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Dartmoor ponies brought in to graze extinct Devon volcano

PUBLISHED: 16:44 27 January 2015 | UPDATED: 16:44 27 January 2015

Dartmoor ponies by Ellie Preece

Dartmoor ponies by Ellie Preece

Archant

This week a herd of 10 Dartmoor ponies took up temporary residence on an extinct volcano at Killerton estate near Exeter.

Dartmoor ponies by Ellie PreeceDartmoor ponies by Ellie Preece

Dolbury Hill is the tree-lined backdrop to Killerton House, known locally as ‘The Clump’, which is steeped in 3000 years of history. The hill’s rare geology and relics of an Iron Age Hill Fort have led it to be designated as a Site of Special Scientific Interest and a Scheduled Monument.

Ed Nicholson, Killerton’s Lead Ranger, explains why grazing Dartmoor ponies have had such a positive impact on the nature conservation of this sensitively managed area.

Dartmoor ponies by Ellie PreeceDartmoor ponies by Ellie Preece

“The ponies have been introduced following scrub clearance work the ranger team and National Trust volunteers carried out last year to protect the ancient relics from damage caused by roots. The ponies are now grazing off the remains of the thick thatch of grasses to allow sunlight to reach the ground and encourage a carpet of delicate flowers to come through in spring”.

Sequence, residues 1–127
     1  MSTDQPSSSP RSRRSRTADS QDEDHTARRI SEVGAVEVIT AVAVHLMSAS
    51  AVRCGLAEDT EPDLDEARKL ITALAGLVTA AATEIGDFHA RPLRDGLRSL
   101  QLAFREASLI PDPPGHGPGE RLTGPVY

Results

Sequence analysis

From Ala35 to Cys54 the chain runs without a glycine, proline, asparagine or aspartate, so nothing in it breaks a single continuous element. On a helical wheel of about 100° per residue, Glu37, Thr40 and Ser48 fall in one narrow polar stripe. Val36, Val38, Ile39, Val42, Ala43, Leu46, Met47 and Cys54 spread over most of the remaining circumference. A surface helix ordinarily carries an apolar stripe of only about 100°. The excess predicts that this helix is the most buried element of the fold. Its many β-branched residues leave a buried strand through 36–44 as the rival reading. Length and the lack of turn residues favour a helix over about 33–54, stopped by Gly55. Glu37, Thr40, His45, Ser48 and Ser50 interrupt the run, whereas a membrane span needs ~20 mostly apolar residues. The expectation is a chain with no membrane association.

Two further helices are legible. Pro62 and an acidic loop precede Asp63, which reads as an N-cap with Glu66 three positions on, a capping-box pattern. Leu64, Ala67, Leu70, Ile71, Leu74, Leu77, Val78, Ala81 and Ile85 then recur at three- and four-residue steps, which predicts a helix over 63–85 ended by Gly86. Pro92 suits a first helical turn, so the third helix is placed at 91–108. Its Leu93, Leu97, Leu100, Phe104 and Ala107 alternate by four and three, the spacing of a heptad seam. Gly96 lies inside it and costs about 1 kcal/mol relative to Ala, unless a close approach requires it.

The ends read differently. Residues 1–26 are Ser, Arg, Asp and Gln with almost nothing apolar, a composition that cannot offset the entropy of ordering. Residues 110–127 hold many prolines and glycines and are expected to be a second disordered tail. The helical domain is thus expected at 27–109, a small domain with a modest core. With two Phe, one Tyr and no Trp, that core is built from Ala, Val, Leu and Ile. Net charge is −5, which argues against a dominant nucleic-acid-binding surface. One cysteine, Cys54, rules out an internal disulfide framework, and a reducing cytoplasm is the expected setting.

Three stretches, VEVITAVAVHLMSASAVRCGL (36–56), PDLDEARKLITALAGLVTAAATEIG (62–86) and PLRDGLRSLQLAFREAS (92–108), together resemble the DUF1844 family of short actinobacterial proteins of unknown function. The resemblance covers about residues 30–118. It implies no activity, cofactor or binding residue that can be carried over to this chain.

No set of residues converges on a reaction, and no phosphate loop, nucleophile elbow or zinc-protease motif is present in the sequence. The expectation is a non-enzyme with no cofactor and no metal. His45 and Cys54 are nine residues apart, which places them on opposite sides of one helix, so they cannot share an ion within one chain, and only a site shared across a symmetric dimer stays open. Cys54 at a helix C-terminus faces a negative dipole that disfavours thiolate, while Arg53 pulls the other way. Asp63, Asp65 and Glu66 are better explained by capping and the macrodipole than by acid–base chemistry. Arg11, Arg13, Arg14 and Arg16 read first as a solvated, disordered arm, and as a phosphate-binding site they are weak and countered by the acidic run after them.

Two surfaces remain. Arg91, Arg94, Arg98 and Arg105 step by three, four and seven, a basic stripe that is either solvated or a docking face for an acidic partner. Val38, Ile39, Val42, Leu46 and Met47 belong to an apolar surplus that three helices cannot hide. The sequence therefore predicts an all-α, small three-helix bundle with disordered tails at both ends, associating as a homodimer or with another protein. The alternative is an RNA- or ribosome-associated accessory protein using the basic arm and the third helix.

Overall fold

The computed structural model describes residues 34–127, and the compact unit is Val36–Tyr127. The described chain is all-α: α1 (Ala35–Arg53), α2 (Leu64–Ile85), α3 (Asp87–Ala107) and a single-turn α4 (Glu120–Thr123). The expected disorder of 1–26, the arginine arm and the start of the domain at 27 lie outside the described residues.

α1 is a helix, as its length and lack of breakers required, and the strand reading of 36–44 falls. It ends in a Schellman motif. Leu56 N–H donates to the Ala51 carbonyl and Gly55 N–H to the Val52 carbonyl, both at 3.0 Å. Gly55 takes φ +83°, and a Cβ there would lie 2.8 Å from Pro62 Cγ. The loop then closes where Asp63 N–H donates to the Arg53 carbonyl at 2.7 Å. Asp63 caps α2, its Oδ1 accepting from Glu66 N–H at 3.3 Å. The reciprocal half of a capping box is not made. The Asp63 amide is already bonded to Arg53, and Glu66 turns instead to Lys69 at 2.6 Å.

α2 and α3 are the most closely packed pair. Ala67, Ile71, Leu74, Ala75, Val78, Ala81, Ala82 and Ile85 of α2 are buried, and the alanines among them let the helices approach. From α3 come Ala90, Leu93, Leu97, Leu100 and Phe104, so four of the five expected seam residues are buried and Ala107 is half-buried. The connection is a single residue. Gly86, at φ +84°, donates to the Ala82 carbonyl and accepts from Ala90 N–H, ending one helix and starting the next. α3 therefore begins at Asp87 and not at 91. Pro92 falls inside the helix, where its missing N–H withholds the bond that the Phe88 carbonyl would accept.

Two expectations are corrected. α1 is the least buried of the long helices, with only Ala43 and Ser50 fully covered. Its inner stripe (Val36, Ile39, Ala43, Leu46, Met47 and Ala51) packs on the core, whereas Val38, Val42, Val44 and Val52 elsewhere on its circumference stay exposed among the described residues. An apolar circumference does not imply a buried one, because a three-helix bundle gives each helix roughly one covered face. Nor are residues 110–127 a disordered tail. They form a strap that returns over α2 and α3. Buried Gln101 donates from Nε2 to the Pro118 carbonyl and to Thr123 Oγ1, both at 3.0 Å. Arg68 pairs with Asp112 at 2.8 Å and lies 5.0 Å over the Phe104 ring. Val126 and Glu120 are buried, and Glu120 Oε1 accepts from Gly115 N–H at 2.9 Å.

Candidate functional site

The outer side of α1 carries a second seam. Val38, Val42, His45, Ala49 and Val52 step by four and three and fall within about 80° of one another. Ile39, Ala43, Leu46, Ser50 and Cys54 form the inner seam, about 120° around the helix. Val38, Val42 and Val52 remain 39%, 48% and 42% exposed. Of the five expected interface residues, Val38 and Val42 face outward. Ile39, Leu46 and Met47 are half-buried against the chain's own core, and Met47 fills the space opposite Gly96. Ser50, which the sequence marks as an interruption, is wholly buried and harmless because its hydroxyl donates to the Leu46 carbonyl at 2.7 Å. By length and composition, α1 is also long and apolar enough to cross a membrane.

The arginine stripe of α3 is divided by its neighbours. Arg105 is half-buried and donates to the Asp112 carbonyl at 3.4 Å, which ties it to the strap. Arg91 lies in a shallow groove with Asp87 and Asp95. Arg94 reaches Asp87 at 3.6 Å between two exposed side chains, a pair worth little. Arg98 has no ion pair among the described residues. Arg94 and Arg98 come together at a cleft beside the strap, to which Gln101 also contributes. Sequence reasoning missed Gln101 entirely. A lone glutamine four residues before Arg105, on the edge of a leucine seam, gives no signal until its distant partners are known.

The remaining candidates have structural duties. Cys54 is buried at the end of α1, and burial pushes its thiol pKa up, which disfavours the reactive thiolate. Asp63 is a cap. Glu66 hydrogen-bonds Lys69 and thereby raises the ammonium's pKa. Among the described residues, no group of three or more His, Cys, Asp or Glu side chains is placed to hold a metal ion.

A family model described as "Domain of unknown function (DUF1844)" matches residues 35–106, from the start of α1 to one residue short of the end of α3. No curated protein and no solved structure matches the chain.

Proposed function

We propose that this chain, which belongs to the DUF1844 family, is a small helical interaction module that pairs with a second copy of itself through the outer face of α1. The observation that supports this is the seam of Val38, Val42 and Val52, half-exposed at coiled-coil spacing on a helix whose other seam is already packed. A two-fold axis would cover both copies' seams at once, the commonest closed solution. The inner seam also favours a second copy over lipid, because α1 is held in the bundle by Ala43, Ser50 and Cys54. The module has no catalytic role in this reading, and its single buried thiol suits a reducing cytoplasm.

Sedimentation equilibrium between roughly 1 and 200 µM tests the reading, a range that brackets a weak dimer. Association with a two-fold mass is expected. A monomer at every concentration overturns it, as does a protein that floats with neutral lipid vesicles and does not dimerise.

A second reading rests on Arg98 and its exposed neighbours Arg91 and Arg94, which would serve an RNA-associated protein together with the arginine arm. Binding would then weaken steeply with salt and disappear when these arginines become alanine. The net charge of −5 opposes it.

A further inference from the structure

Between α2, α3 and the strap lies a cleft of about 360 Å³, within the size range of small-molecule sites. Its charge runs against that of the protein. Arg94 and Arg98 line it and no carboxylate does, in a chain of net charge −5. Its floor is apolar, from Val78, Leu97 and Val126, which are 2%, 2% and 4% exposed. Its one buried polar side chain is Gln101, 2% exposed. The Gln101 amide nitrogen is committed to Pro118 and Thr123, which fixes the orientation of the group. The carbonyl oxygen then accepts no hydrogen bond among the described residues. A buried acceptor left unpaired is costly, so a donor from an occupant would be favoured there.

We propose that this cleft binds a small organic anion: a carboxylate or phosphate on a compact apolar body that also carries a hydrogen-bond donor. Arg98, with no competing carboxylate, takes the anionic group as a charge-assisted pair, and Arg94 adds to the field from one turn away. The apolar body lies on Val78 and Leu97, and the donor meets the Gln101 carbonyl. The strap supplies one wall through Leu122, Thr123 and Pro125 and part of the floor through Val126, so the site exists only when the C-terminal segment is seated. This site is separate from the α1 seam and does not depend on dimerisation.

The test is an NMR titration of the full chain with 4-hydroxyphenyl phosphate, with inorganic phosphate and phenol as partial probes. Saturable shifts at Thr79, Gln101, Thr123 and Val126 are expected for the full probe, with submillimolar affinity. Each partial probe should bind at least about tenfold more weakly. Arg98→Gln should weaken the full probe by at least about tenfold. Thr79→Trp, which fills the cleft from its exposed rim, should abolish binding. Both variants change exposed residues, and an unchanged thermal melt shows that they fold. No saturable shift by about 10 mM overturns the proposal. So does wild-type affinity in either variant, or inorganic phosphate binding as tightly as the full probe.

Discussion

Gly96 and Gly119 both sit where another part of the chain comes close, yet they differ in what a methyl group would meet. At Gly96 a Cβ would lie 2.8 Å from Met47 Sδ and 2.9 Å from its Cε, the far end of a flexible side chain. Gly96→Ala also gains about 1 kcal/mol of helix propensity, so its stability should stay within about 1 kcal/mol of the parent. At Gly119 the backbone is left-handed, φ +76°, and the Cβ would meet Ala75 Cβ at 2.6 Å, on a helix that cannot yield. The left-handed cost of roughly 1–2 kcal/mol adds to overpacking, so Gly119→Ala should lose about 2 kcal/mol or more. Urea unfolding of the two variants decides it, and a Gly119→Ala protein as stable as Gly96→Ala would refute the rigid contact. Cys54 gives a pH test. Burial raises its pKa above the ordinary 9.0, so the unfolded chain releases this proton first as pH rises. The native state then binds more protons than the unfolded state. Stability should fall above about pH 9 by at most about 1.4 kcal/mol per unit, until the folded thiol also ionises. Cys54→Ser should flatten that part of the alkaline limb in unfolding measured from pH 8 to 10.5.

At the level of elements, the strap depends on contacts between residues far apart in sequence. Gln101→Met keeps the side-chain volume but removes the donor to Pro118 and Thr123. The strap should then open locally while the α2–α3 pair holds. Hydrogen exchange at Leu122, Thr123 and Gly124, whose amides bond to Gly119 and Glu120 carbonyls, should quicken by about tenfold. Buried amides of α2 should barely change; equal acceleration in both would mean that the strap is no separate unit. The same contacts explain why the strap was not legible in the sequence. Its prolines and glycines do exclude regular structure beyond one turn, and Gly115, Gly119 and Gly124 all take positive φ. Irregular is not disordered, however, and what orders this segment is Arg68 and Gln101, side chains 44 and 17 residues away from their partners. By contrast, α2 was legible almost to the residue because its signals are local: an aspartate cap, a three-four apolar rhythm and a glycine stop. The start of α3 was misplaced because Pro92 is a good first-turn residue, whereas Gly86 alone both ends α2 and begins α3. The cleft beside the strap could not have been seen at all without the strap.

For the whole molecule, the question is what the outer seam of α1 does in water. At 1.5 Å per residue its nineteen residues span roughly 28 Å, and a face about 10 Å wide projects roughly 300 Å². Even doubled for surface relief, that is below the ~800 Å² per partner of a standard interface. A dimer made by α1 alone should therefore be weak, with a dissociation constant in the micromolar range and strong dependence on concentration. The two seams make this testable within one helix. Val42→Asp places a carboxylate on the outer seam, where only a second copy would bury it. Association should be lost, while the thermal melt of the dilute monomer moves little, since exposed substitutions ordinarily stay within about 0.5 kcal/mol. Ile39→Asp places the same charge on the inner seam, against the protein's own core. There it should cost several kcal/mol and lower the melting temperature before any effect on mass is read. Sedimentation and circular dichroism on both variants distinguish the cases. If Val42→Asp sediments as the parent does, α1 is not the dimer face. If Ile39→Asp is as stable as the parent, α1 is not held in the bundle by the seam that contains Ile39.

Ed continued: “Winter is a great time of year for the Dartmoor ponies to get to work trampling through the brash and scrub. Trampling the ground creates room and light for the food plants that butterflies rely on to flourish”.

Dartmoor ponies by Ellie PreeceDartmoor ponies by Ellie Preece

“Dartmoor ponies are really suited to exposed sites such as this one because they are robust and nutritionally adapted to grazing scrub. It is high in fibre and low in protein – the best diet for ponies. They make excellent conservation grazers for sites too sensitive for heavy machinery, or where commercial livestock may not thrive. Their placid nature also makes them ideal for grazing public areas.”

An iconic sight at Dartmoor, it’s hard to believe that these pure-bred ponies are now an endangered species. The herd is on loan to Killerton from the Dartmoor Pony Training Centre, who provided the selection, handling and transport of the ponies. Conservation grazing forms part of the Trust’s on-going work to support the preservation of the breed.

Helen Trebble, Killerton’s Engagement Officer for the Outdoors, said: “The Dartmoor ponies will stay with us until March, moving freely around the hilltop which is, coincidently, the best place at Killerton to enjoy views of Dartmoor. We welcome visitors to come and see them, but it is important to remember not to feed them (as tempting as it may be) and we ask that dogs are kept on a lead.”

Killerton’s shop and café is open daily, 11am-4pm. Killerton House opens on Saturday 14 February. Visit www.nationaltrust.org.uk/killerton/

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